The Game and Fish says it looked at several other possibilities before choosing Tilden’s property.

“The department conducted a thorough analysis of all options available, including demolition of the current building and building on site, buying an existing building at a different location, and building off-site on a new property,” Hawk wrote in the memo. She said the agency concluded that building at a new location “is the best option for the department and the public financially and operationally.”

Although the design has yet to be finalized, Game and Fish representatives say the plan is for the buildings “to blend into the natural surroundings and to be aesthetically appealing.” The facility is expected to include at least 20,000 square feet of office space with an attached 7,500 square foot, two-story shop and a 5,000 square foot outbuilding.

County commissioners have cleared the way for the Game and Fish to build at the new site. In June, they unanimously approved Tilden’s plans to split his 50.79-acre property into three different lots, creating the Dry Creek Minor Subdivision. After selling the 21.71-acre parcel to the Game and Fish, Tilden said he’ll keep and continue to live on another 20.33-acre parcel while selling the third, 8.79-acre lot as a home site.

On July 16, county commissioners also approved a special use permit to allow the Game and Fish to build its regional office in the subdivision; special permission was needed for the “major community use” because the facilities are going to be larger than 5,000 square feet in size.

Commissioners Tilden and Jake Fulkerson — an appraiser whose done some work for the Game and Fish on the project — both recused themselves from the votes on the subdivision and the permit. Commissioners Lee Livingston, Dossie Overfield and Lloyd Thiel voted unanimously to approve both items — though not without giving Tilden a bit of a hard time.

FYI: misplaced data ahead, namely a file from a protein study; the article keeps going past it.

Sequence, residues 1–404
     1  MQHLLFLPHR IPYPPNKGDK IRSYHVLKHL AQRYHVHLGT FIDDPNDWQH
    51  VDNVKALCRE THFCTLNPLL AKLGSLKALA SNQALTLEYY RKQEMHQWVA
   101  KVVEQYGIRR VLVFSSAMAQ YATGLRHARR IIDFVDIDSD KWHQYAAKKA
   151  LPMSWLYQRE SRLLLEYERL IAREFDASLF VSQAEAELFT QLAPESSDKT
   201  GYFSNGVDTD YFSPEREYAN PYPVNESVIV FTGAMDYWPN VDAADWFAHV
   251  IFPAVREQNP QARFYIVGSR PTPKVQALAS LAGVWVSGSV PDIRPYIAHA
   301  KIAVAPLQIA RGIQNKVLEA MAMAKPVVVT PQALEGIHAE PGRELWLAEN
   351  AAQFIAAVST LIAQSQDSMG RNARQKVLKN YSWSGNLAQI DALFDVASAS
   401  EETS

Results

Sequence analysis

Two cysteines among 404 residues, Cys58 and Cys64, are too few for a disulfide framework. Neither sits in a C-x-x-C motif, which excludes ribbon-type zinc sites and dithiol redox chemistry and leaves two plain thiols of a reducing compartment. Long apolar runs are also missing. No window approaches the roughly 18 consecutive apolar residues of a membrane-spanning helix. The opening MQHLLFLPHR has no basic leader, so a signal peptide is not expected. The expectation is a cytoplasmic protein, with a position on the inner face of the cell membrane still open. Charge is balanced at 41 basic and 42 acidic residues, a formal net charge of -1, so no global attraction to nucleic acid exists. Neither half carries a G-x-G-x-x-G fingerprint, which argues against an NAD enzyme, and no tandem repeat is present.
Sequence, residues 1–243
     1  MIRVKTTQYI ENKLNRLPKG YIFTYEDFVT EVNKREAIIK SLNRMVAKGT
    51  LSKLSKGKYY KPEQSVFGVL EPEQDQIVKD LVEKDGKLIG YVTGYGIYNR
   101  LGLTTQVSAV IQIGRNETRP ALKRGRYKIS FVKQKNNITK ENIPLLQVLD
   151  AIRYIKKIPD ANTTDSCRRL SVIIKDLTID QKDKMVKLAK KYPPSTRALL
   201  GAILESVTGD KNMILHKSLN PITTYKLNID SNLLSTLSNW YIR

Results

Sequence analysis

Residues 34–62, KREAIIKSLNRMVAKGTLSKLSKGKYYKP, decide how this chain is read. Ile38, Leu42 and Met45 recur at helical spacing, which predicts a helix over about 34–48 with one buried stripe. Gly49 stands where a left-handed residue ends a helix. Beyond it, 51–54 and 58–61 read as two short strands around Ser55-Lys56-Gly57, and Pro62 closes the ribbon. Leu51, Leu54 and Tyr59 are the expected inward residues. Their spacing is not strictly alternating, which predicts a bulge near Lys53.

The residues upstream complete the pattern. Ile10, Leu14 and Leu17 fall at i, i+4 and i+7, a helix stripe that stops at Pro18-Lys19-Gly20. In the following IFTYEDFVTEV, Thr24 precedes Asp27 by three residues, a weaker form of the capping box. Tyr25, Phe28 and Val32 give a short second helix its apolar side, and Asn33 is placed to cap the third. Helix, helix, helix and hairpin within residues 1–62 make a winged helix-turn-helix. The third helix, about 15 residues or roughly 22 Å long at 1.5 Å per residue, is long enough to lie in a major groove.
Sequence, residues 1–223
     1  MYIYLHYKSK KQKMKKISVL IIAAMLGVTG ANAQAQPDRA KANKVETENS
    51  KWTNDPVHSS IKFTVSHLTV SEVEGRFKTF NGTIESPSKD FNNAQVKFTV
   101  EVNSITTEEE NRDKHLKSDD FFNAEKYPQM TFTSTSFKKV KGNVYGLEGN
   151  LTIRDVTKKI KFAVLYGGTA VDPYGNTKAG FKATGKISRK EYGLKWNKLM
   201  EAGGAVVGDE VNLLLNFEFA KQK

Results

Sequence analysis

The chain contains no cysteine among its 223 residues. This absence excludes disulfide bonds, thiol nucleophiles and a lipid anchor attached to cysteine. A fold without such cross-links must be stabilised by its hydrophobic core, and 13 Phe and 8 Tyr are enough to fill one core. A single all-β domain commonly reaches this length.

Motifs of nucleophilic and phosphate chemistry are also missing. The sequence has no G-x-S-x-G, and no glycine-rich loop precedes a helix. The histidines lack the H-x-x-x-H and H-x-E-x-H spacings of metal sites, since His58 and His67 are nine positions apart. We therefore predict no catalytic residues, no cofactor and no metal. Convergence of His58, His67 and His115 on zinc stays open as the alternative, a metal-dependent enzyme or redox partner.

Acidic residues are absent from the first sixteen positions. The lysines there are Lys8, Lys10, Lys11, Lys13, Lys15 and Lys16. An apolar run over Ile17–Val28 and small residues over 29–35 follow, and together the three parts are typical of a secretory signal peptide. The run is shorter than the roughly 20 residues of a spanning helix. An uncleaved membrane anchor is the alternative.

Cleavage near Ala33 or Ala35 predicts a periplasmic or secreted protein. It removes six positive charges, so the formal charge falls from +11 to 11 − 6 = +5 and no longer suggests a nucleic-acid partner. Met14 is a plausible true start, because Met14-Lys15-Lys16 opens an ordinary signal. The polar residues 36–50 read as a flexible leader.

“Come on, there’s got to be something,” Livingston joked when it appeared there were no issues with Tilden’s subdivision.

After the vote, Tilden offered that, “Sitting on this side of that aisle [in the audience] is not an easy process.”

No members of the general public raised any specific concerns about the project at the two county commission meetings.

One neighboring landowner, a limited liability company called Trail Creek Partners, sent a letter to the Game and Fish Commission supporting the department’s plans to acquire the property.

Writing on the LLC’s behalf, attorney Colin Simpson encouraged the department to develop the property “in an environmentally conscious manner that incorporates design elements that are aesthetically consistent with the natural features of the area and that contribute to the overall character of Cody.” Simpson also asked if the department could plant some more trees along its border with the site before concluding that, “We look forward to the agency’s continued growth and future success.”

As for the Game and Fish’s current office, its fate has yet to be determined. However, Smith said the most likely scenario is that the building will be turned over to the county.